What happened to you?
When you are little, you require safety, stability, attention, admiration, acceptance and your physical needs to be cared for. Throw in some good modelling of behaviour, consistency, and some fun, and you are likely to grow up feeling good about yourself, excited to explore the world and displaying a basic trust in people, and the community you inhabit.
Switch that around and say things were happening such as loss, illness, poverty, disability, instability, or addiction, and the child cannot get attention, is valued for their ability to be quiet, stay out the way, not make demands, or to care for an adult, then maybe you grow up differently. You might care more for others' needs than your own, find you cannot ask for things, and struggle to value your own thoughts, needs or desires.
You might have experienced abuse, or what is known as adverse childhood experiences (ACE) which create feelings of anxiety, low worth, flashbacks or struggle to feel real. You might find it problematic to have adult relationships, set boundaries or look after yourself well.
In therapy, some approaches aim to understand how you arrived at the place you are in. Understanding that our caregivers/parents often did what they knew how to do, which they learnt from their upbringing, allows us to investigate with curiosity and compassion. Some actions, behaviours or upbringings have been cruel, distressing and hard to forgive or understand.
Therapy is not about digging through your past for the sake of unearthing painful memories, but clarifying, and supporting you to understand yourself, to see why you might respond or behave in the ways you do. It is helpful to appreciate that you are not 'lazy', 'incompetent', or 'hopeless' because you are struggling, but are struggling because of the things that impacted you.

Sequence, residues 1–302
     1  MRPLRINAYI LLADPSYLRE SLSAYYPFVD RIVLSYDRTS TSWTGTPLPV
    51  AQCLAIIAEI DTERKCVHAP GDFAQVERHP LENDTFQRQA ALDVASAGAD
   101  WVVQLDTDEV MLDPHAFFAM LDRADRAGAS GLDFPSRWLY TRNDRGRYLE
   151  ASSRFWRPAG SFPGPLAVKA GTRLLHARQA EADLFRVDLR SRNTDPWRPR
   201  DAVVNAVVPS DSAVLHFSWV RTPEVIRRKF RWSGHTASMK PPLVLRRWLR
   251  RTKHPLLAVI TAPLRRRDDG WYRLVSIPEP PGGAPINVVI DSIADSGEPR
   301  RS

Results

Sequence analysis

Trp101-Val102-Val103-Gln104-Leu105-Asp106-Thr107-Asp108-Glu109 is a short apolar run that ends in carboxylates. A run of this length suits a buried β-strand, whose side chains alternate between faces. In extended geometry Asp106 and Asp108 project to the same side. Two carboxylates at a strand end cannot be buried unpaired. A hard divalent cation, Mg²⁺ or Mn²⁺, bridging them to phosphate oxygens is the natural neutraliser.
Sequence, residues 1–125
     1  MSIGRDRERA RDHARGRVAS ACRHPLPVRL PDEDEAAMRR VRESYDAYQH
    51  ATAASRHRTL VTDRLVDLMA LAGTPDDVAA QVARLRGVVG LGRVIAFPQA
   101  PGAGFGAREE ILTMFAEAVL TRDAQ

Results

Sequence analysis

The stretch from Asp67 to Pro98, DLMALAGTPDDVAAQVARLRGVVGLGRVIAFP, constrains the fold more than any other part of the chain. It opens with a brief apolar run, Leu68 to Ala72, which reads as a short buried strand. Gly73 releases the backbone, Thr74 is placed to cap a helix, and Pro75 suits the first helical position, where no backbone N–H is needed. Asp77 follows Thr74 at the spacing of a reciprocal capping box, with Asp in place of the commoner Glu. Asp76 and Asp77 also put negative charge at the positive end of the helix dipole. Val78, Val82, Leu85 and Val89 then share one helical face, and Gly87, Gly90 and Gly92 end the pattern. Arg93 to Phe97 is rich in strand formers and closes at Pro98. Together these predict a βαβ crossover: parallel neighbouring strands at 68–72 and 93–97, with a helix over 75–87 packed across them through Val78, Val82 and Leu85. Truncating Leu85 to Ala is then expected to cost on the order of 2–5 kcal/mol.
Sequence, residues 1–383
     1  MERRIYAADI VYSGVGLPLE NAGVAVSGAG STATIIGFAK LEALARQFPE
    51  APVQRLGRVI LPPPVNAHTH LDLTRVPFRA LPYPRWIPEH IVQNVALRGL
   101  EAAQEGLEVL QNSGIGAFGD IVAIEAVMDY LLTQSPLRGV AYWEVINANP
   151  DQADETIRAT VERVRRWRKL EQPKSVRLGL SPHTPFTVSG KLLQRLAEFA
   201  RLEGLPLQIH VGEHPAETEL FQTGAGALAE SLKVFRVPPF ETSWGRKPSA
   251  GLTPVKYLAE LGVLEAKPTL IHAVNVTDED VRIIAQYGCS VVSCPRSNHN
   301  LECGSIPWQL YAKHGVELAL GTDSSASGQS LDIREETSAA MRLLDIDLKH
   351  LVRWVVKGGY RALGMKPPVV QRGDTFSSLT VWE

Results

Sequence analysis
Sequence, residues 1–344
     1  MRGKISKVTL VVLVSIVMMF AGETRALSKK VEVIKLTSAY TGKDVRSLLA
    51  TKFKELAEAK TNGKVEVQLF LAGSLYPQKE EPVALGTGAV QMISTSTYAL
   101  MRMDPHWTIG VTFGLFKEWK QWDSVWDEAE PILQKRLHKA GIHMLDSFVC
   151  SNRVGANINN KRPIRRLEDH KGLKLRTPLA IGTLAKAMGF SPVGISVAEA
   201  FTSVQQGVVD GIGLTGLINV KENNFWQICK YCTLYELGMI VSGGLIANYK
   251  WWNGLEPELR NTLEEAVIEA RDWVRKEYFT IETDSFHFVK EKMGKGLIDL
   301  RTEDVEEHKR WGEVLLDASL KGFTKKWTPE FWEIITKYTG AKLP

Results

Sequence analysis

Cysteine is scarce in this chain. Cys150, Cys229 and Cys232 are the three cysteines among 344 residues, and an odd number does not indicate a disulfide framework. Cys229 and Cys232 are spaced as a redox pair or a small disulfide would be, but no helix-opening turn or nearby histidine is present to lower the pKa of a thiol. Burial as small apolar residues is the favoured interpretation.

Carl Rogers (person-centred counselling advocate) talks of organismic growth, which uses the analogy of a person growing towards the light, always striving to develop. A plant shut in the dark might struggle but will still aim for any chinks of light, while a plant encountering a stone will try to grow around it. Children and adults are always striving to be fully grown plants and uncovering the obstacles you had to grow around might help you understand how you adapted to these.
When you are born, no matter the circumstances of birth, no matter whether you needed additional care, you were perfect. Completely, wonderfully, human. The only thing which has changed is what happened to you. Understanding how you developed the way you have, and what occurred to create the emotional patterns and processes that are your default now, can help you to develop a more compassionate approach to yourself. Compassion fosters esteem, and esteem helps us cope with adversity.
We do not choose to have difficult, uncomfortable, or unpleasant experiences or relationships. We do not choose how we grow up. We adapt, and we usually do this based on what our emotional selves feel we need to do to survive. Survival as a child often involves gaining love, attention, or approval from adults. Creating new choices about how we respond to those events and patterns, can be a task in therapy.
If you want to understand what happened to you, why not investigate therapy and see how it might help you.